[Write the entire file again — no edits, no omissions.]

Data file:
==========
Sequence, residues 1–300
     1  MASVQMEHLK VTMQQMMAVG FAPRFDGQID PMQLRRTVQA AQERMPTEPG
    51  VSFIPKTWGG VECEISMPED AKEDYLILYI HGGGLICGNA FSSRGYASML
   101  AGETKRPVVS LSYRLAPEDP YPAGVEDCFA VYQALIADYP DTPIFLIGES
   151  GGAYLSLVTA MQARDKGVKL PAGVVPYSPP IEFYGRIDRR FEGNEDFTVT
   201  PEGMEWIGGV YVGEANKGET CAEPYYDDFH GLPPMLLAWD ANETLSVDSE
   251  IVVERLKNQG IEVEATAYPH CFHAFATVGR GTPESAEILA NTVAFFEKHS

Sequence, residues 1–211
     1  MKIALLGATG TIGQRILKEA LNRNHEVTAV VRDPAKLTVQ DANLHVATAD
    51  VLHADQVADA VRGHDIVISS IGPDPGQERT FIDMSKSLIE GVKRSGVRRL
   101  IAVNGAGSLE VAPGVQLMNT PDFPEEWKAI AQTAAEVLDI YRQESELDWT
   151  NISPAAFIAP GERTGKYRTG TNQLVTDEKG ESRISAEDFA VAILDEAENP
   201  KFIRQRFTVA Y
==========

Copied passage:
Sequence, residues 1–300
     1  MASVQMEHLK VTMQQMMAVG FAPRFDGQID PMQLRRTVQA AQERMPTEPG
    51  VSFIPKTWGG VECEISMPED AKEDYLILYI HGGGLICGNA FSSRGYASML
   101  AGETKRPVVS LSYRLAPEDP YPAGVEDCFA VYQALIADYP DTPIFLIGES
   151  GGAYLSLVTA MQARDKGVKL PAGVVPYSPP IEFYGRIDRR FEGNEDFTVT
   201  PEGMEWIGGV YVGEANKGET CAEPYYDDFH GLPPMLLAWD ANETLSVDSE
   251  IVVERLKNQG IEVEATAYPH CFHAFATVGR GTPESAEILA NTVAFFEKHS

Sequence, residues 1–211
     1  MKIALLGATG TIGQRILKEA LNRNHEVTAV VRDPAKLTVQ DANLHVATAD
    51  VLHADQVADA VRGHDIVISS IGPDPGQERT FIDMSKSLIE GVKRSGVRRL
   101  IAVNGAGSLE VAPGVQLMNT PDFPEEWKAI AQTAAEVLDI YRQESELDWT
   151  NISPAAFIAP GERTGKYRTG TNQLVTDEKG ESRISAEDFA VAILDEAENP
   201  KFIRQRFTVA Y